5) Make Brett Favre retire When a player announces his retirement — especially in a teary, standing-room-only press conference — he should be reinstated in the league only if he can prove that he was swindled out of his entire life savings by a Ponzi-scheming hedge-fund operator. Buh-bye, Brett.
6) When it comes to overtime, make the pro game more like college There is at least one aspect of the college game that makes sense: how it settles overtime games. In college football, both teams get alternating shots at scoring in overtime, until one team prevails. This amounts to a gentlemanly duel. In the pro game's sudden-death format, however, a coin flip determines which team gets the ball. If that team scores first (as the San Diego Chargers did in a playoff game against the Indianapolis Colts this past weekend), then the other team never even gets a shot. (And in that case, we were deprived of watching the National Football League's MVP, Peyton Manning, even get on the field.) This would also eliminate the sister-kissing elation of a regular-season tie, as we witnessed this season.
7) Abolish the game-ending foul-shot parade Brazilians call soccer "the beautiful game." That's a great moniker, but basketball also features end-to-end, fast-break action and acts of majesty and artistry, while still outscoring soccer on average by 200-odd points per match.
But there's a flaw in America's beautiful game: intentional fouls committed by a team trailing its opponent to stop the clock and give said trailing team a chance to get back the ball. It makes for TV-test-pattern-level excitement. To curb this buzzkill, a new rule should be enforced: in the last three minutes of a game, whereupon a foul is, in the eyes of the referees, committed with the intent to get the ball back for his team, that player shall be charged with a technical foul. Thus no player can do it twice without reaching the maximum number of technicals allowed and therefore fouling out of the game.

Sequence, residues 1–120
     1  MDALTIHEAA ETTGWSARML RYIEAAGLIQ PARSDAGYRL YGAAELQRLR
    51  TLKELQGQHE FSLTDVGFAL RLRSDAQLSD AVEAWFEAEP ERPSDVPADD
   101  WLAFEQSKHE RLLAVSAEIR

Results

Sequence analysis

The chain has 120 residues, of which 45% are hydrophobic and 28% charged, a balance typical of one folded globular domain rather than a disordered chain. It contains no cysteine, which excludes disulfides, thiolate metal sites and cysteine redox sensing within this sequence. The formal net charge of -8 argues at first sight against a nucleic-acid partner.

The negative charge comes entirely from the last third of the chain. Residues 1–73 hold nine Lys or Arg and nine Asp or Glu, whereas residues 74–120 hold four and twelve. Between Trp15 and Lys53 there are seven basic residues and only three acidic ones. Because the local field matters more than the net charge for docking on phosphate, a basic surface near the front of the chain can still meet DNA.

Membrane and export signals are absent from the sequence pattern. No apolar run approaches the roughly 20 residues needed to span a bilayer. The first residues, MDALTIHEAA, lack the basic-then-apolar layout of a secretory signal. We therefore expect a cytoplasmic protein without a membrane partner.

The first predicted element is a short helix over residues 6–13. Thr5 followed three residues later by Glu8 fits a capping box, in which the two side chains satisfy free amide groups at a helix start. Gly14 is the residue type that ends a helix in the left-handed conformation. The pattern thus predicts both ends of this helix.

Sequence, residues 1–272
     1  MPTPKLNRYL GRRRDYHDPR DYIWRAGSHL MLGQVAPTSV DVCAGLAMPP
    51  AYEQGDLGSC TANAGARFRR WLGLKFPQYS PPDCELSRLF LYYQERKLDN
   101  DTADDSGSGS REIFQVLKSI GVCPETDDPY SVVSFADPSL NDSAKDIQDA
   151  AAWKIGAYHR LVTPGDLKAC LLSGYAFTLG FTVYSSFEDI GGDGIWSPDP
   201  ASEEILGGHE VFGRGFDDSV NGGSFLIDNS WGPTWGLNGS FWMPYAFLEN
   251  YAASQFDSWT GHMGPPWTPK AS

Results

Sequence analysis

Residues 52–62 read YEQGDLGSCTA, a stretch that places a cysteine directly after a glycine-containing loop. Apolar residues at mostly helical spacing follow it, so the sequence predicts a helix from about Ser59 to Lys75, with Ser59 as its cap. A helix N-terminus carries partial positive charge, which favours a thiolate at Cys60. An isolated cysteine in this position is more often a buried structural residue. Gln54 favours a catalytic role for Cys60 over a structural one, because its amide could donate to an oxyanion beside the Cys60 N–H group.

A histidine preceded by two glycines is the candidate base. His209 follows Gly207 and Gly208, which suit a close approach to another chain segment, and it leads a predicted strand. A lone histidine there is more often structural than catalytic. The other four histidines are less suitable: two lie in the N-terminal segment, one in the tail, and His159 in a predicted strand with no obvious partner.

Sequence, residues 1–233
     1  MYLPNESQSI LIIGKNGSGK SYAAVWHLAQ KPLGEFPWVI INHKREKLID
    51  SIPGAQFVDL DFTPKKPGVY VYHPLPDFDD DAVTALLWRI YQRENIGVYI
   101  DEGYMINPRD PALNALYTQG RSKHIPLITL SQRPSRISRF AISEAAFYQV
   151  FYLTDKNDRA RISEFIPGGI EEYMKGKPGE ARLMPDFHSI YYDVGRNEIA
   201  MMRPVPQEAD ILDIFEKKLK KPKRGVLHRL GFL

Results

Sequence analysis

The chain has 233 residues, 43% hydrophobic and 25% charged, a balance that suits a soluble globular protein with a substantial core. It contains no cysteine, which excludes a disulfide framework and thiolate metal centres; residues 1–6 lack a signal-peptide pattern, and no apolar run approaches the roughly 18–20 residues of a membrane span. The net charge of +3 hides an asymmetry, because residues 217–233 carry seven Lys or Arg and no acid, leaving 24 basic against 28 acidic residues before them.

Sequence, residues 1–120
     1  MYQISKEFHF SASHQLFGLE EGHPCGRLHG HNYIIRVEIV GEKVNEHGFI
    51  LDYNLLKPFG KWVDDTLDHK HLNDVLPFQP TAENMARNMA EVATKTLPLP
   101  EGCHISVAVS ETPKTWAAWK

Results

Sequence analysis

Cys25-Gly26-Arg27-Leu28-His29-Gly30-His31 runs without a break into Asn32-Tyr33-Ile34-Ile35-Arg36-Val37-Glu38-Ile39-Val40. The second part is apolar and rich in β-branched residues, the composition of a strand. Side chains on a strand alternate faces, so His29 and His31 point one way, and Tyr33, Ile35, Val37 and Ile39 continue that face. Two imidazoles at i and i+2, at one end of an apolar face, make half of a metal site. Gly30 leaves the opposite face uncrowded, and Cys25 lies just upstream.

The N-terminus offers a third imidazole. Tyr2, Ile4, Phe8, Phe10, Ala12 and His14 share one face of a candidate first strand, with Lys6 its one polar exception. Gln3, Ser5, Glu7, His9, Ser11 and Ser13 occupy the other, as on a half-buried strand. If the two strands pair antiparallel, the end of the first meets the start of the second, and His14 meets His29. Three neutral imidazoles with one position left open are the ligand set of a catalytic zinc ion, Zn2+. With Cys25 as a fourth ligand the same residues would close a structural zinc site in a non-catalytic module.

8) Make shots taken from beyond the opposition's foul-shot line worth five points Watching fat guys from the stands make ridiculous shots from center court during a halftime exhibition is usually a guaranteed highlight reel — as good as any LeBron James helicopter dunk. Why not replicate that excitement and make it part of the game too? Any shot taken beyond the opposing team's foul-shot line — approximately 75 feet or more — will thus be worth five points. Besides, blowouts are no fun for anyone, so if a team can groom a five-point specialist, victory will almost never be out of reach.
9) Two words Real swords.
10) Ban gloves-off fisticuffs The great Paul Newman movie Slap Shot was so amusing precisely because it parodied the absurdity of on-ice violence. And while there is a somewhat thrilling element to watching two oversize lugs on skates launch wild haymakers at each other's toothless mugs and try to rip each others jerseys over their heads to better pound them into submission, it's also analogous to watching bear-baiting — or a snuff film.